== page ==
Sometimes the smallest painting in a gallery or museum is the one that moves you most, the one you find yourself thinking about more than any large piece you might also have come across. Similarly, size doesn’t necessarily correlate with impact at the movies. The Souvenir, director Joanna Hogg’s follow-up to her 2013 feature Exhibition, may be one of the smallest movies exhibited in Seattle theatres by certain measures, but it’s a masterpiece whose scale belies its immense, wrenching beauty. 

Set in 1980s Britain, it portrays the toxic relationship between Julie, an earnest but timid film student from an upper middle class family, played with magnificent, deeply moving nuance by relative newcomer Honor Swinton Byrne (the daughter of Tilda Swinton, who plays Julie’s mother), and Anthony (Tom Burke, also very good), pretentious, manipulative, and unbeknownst to Julie when they get together, a heroin addict. 

Hogg elides the sensationalism that premise might ordinarily entail. She approaches her main two characters and their relationship elliptically, attuned with supreme sensitivity to how moments of no great size – afternoon tea, dinners with their parents – reveal the contours of Julie’s and Anthony’s relationship, and, in particular, Julie’s naïveté and ignorance of Anthony’s selfishness and deceit.

Hogg demonstrated a keen eye for striking compositions in Exhibition (that movie also took art and a dysfunctional relationship as its subject matter, albeit with a very different, absurdly comic tone) but her work in The Souvenir with cinematographer David Raedeker is exceptional, and consistently so. The images are grainy, the color palette muted. Hogg shoots from various angles and distances (her camera’s typically fixed) to best allow the emotion implied by Byrne’s gestures and mannerisms – her clutching a stuffed animal, her struggling to articulate the idea behind her film – to reverberate within the frame. A tiled mirror in Julie’s flat is often used quite effectively, as are other reflective surfaces – puddles, windows – but the occasional landscape shots are equally breathtaking.

A work of supremely intelligent restraint, The Souvenir may be deemed a small movie, but it’s an essential one.

The Souvenir Trailer

The Souvenir is currently streaming on Hoopla, Kanopy, and Prime Video.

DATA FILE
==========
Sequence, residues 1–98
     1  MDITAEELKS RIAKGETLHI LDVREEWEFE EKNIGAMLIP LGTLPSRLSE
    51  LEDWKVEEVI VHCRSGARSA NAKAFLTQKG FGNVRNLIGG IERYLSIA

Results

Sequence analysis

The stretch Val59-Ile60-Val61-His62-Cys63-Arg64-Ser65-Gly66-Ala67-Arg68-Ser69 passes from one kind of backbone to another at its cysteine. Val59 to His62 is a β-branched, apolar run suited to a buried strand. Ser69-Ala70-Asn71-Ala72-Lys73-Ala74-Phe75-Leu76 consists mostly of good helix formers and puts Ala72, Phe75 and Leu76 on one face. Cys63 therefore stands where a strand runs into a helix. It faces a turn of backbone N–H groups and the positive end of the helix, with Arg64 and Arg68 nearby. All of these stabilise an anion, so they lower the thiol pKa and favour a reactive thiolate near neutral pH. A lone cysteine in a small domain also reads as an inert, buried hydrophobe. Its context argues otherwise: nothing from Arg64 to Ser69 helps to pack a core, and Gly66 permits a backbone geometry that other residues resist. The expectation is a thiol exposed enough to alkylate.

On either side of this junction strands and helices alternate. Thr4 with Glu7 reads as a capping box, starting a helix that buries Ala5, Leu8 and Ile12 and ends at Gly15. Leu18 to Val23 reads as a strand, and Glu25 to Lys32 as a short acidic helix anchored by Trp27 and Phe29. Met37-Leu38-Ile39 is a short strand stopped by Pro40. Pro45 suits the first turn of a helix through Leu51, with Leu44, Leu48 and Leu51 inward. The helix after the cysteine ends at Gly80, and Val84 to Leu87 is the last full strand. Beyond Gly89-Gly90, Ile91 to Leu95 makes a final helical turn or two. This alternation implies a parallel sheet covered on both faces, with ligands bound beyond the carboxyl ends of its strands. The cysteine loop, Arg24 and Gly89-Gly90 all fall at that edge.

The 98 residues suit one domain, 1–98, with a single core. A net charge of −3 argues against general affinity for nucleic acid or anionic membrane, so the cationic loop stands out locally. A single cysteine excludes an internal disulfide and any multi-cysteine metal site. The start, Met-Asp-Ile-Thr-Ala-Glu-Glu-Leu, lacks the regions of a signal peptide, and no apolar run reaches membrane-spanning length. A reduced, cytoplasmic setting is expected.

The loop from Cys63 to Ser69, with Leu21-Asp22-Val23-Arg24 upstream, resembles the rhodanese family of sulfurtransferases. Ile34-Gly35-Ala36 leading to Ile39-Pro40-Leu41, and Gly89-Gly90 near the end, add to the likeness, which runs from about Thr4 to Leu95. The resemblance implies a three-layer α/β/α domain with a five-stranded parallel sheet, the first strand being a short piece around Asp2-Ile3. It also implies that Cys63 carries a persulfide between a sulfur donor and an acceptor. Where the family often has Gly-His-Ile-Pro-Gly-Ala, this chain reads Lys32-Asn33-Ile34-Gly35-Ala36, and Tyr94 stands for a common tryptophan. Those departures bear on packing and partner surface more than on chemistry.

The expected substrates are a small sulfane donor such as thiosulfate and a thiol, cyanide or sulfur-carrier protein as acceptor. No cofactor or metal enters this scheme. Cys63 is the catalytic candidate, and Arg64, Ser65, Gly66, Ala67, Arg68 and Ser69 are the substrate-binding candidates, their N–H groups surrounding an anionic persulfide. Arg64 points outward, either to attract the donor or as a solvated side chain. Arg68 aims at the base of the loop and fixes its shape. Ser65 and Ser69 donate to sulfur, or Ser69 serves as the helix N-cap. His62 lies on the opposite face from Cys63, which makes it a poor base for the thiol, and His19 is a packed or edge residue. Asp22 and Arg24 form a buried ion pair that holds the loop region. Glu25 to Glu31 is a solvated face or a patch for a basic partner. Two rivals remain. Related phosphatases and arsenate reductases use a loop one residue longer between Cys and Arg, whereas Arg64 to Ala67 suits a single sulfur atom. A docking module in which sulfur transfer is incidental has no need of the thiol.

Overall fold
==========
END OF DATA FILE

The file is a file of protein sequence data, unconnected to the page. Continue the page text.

Episode 104: Rescreening Once Upon a Time in the West

“When I was young, I believed in three things: Marxism, the redemptive power of cinema, and dynamite. Now I just believe in dynamite.”

Sergio Leone

Links: Apple Podcasts | Castbox | Google Podcasts | LibSyn | Spotify | Stitcher | YouTube

This week on Drink in the Movies Michael & Taylor Rescreen Sergio Leone’s Once Upon a Time in the West and provide a First Impression of the next Rescreening episode title, Jacques Demy’s Donkey Skin.

Streaming links for titles this episode

Once Upon a Time in the West is currently streaming on Kanopy and Prime Video

Donkey Skin is currently streaming on the Criterion Channel

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The Wait (L’attesa)

Written by Michael Clawson

50/100

Just after experiencing a devastating loss, Anna (Juliette Binoche) hosts Jeanne (Lou de Laâge) for several days at a Sicilian villa as they await the arrival of Giuseppe, Anna’s son and Jeanne’s lover. They spend their time meandering the grounds and dining well together as Jeanne grows increasingly suspicious of Giuseppe’s absence and Anna waits to share with Jeanne the true reason for her grief.

“L’attessa” (aka “The Wait”) is the feature directorial debut from Piero Messina, who clearly prefers dialogue to be sparse and for imagery to tell much of the story. He leans heavily on Binoche’s ability to communicate emotion with facial expression and body language and tries to amplify dramatic moments with musical crescendos. Suspense is built on multiple fronts: the audience is probed to wonder about the true whereabouts of Giuseppe, his and Jeanne’s history, and when, if ever, Anna will bring Jeanne out of the dark about what so intensely upsets her.

Binoche and de Laâge do more than enough to lend credibility to their interactions, but the film is dripping too profusely with contrivances to maintain a comfortable level of drama. At one point, we see Anna attempt to squeeze every last drop of air from an inflatable pool toy, as if the effort from doing so will allow her to shed the burden of her grief. It’s reminiscent of Messina’s effort to inject feeling into every frame, so much so that the experience is nearly stifling.

The Wait Trailer

The Wait is currently available to stream on Prime Video and Kanopy

Episode 96: Doc Talk Part 5 / Man with a Movie Camera / Making Waves: The Art of Cinematic Sound / Ex Libris: The New York Public Library

“I don’t like to read novels where the novelist tells me what to think about the situation and the characters. I prefer to discover for myself.”

Frederick Wiseman

Links: Apple Podcasts | Castbox | Google Podcasts | LibSyn | Spotify | Stitcher | YouTube

This week on Drink in the Movies Michael & Taylor discuss their First Impressions of Vivos & State Funeral and the Documentary Titles: Man with a Movie Camera, Making Waves: The Art of Cinematic Sound, and Ex Libris: The New York Public Library.

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Streaming links for titles this episode

The Man with a Movie Camera on Kanopy

Making Waves: The Art of Cinematic Sound on Hoopla, Tubi TV, and Prime Video

Ex Libris: The New York Public Library on Kanopy

Episode 95: RoboCop / Starship Troopers / Miami Vice

“I don’t underestimate audiences’ intelligence. Audiences are much brighter than media gives them credit for. When people went to a movie once a week in the 1930s and that was their only exposure to media, you were required to do a different grammar.”

Michael Mann

Links: Apple Podcasts | Castbox | Google Podcasts | LibSyn | Spotify | Stitcher | YouTube